Top Missouri senator Tom Dempsey to resign, cites family and private-sector job

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FILE - In this Jan. 9, 2013 file photo, Missouri Senate President Pro Tem Tom Dempsey, R-St. Charles, looks over papers on the first day on Missouri's 2013 legislative session in Jefferson City, Mo. Dempsey says Friday, July 31, 2015 he is resigning from office to return to the private sector and spend more time with his family. His resignation will take effect Aug. 7. (AP Photo/Jeff Roberson, File)

JEFFERSON CITY, Missouri — Missouri Senate President Pro Tem Tom Dempsey said Friday that he is resigning from office to launch a new private-sector career and spend more time with his family.

Dempsey told The Associated Press his resignation will take effect Aug. 7 and he hopes to say more about his new job in the coming weeks.

The Republican from St. Charles first was elected in 2000 to the House, where he rose through the ranks to become majority leader, and has served since 2007 in the Senate, again as majority leader before ascending to the chamber's top position of president pro tem.

He is the fifth lawmaker to resign in the past year. But Dempsey said his departure is unrelated to recent scandals involving colleagues. Last week, Democratic Sen. Paul LeVota said he would resign effective Aug. 23 while denying allegations that he sexually harassed interns. In May, Republican House Speaker John Diehl resigned after acknowledging he exchanged sexually suggestive text messages with an intern.

Dempsey said he had considered stepping down late last year but decided to wait until after the 2015 legislative session in order to maintain continuity in the Senate after the chamber's longtime secretary and its staff administrator both retired.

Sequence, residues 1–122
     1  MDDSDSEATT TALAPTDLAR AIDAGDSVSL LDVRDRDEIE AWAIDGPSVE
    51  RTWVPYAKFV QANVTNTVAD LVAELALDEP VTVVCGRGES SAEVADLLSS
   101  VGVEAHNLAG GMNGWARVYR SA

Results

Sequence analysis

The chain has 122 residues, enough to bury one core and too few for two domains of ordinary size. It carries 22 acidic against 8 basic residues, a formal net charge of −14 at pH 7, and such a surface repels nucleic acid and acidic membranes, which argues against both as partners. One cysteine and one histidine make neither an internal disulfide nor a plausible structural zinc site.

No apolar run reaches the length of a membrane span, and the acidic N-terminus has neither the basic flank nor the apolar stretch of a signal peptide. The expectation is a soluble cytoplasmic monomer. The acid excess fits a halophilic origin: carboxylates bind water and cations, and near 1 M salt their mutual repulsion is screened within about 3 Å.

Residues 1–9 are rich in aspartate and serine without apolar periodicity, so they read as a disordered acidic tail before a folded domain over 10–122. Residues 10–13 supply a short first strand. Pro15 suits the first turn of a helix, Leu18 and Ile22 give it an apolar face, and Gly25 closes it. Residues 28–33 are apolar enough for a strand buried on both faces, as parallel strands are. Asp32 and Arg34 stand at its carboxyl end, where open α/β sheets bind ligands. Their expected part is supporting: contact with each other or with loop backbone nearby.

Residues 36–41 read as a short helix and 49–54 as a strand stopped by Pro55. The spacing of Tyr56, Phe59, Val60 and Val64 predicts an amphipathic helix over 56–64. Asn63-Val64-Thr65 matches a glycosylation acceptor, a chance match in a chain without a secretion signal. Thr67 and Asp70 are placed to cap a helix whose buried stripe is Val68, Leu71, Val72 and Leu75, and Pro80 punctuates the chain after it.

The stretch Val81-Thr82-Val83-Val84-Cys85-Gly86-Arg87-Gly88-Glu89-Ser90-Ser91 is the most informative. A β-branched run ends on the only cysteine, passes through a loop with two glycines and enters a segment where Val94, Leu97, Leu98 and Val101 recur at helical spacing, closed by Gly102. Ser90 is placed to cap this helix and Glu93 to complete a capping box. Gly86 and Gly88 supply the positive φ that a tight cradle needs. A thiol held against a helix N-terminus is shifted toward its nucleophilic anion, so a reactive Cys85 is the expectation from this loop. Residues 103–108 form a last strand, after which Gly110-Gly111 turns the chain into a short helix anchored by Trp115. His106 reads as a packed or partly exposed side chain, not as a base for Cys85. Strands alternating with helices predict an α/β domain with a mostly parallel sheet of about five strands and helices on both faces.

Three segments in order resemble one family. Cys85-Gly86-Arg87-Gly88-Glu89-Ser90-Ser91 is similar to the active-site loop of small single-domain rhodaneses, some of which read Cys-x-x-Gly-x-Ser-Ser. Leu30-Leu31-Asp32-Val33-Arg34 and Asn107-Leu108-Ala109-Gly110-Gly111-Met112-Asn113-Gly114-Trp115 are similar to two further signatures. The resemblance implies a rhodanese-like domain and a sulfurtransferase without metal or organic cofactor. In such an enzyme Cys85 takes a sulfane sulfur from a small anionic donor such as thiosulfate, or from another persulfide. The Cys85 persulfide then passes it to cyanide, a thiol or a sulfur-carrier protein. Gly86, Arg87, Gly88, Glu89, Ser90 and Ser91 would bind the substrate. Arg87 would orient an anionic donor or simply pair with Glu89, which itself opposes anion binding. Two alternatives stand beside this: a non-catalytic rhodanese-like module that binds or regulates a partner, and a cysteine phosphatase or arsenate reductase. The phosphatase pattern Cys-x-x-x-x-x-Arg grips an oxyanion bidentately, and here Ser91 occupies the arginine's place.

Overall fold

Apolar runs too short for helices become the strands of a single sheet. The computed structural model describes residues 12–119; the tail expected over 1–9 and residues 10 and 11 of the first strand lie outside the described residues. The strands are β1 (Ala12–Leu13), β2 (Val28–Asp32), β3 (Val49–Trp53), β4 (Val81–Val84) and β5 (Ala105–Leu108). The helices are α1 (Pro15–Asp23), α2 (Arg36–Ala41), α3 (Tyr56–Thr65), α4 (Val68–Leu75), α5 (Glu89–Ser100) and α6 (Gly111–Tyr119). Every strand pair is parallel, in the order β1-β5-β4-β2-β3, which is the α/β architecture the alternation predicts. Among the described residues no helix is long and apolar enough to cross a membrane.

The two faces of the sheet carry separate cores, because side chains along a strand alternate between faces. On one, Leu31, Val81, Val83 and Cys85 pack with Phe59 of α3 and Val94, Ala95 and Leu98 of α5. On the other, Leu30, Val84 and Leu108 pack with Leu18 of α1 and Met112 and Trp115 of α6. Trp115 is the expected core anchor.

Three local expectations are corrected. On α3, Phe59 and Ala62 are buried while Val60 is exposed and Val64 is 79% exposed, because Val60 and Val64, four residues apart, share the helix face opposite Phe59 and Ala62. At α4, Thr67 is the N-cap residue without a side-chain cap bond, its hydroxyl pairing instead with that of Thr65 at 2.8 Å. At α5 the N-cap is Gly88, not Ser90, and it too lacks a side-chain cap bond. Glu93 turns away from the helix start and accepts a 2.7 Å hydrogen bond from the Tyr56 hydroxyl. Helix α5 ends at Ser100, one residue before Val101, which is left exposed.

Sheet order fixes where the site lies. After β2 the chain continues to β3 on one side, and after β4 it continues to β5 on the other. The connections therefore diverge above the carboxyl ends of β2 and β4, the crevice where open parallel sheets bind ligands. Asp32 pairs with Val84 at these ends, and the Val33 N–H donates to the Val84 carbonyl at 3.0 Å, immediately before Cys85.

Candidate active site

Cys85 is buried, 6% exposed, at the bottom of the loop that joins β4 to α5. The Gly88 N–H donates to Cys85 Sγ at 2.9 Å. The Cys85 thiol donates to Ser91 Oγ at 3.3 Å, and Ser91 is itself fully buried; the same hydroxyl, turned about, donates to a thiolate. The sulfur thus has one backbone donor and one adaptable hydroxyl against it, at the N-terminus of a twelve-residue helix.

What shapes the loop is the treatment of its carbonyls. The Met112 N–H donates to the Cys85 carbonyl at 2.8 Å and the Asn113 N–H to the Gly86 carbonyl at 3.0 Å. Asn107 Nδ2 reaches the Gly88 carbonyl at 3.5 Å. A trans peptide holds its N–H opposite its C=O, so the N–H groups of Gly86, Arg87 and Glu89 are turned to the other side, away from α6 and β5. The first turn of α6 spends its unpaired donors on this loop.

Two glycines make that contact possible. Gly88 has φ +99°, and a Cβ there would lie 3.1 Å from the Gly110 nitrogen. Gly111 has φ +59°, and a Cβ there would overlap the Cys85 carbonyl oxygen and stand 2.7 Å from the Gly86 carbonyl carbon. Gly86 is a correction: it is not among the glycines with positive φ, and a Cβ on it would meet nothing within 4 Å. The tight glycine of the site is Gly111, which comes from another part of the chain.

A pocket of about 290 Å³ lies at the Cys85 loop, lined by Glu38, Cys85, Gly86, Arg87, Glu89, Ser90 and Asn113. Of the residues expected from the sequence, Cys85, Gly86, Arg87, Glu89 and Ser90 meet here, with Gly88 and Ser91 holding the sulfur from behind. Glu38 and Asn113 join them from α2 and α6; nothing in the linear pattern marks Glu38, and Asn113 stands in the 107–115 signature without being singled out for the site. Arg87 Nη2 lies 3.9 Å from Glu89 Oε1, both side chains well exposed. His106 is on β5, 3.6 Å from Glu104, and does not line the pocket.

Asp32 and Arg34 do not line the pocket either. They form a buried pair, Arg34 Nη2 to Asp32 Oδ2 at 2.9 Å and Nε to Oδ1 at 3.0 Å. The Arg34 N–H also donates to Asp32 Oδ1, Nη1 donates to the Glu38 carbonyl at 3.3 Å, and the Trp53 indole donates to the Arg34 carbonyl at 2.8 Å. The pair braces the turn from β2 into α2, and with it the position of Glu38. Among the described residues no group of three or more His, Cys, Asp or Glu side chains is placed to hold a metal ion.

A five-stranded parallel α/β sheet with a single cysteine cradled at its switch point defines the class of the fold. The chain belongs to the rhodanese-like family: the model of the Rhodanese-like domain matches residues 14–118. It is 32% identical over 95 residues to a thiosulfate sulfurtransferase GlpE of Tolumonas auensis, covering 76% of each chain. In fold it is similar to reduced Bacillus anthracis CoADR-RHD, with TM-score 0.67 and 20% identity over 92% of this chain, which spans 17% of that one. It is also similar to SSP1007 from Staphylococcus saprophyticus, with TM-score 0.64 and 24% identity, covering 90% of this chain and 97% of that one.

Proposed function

"It's time to do this for my family," Dempsey said in an AP interview before releasing a written statement about his resignation. Serving in public office has "been rewarding, it's been challenging, but it also takes its toll."

Dempsey, 48, and his wife, Molly, have three children. One daughter recently graduated from college, another attends the University of Missouri and his son is entering his sophomore year in high school.

In his written statement, Dempsey cited all the time he has spent away from home, the closure of his family's banquet center business last December and the death of his mother two years ago, which he said led him to "reassess my priorities."

Dempsey currently works in commercial lending for a St. Louis bank but said he plans to step down from that as well to pursue his unspecified new job. His new role could still be connected to government but is unlikely to involve lobbying members of the Missouri General Assembly, Dempsey said.

The Missouri Constitution gives Gov. Jay Nixon the power to call special elections to fill vacant legislative seats. But it's unclear when, or if, that will occur. Because of laws setting deadlines for candidate filing and the printing of ballots, it would be too late for Nixon to add Dempsey's and LeVota's seats to the Nov. 3 special elections at which three House vacancies will be filled, the secretary of state's office said.

But senators could elect a new leader from among their colleagues when they convene Sept. 16 to considering overriding vetoes. By tradition, Senate Majority Leader Ron Richard, R-Joplin, would be a likely candidate to replace Dempsey. But there is no automatic line of succession.

Richard confirmed Friday that he will seek to succeed Dempsey. That could trigger a chain reaction of changes, as Republicans then would have to pick a new majority leader and, potentially, find new people for other caucus positions.

After Diehl resigned on the last day of the session May 15, the House elected then-Majority Leader Todd Richardson, R-Poplar Bluff, to replace him. The House Republican caucus on Friday elected Assistant Majority Leader Mike Cierpiot, R-Lee's Summit, to take over as majority leader.

This story corrects the spelling of Cierpiot in last sentence.

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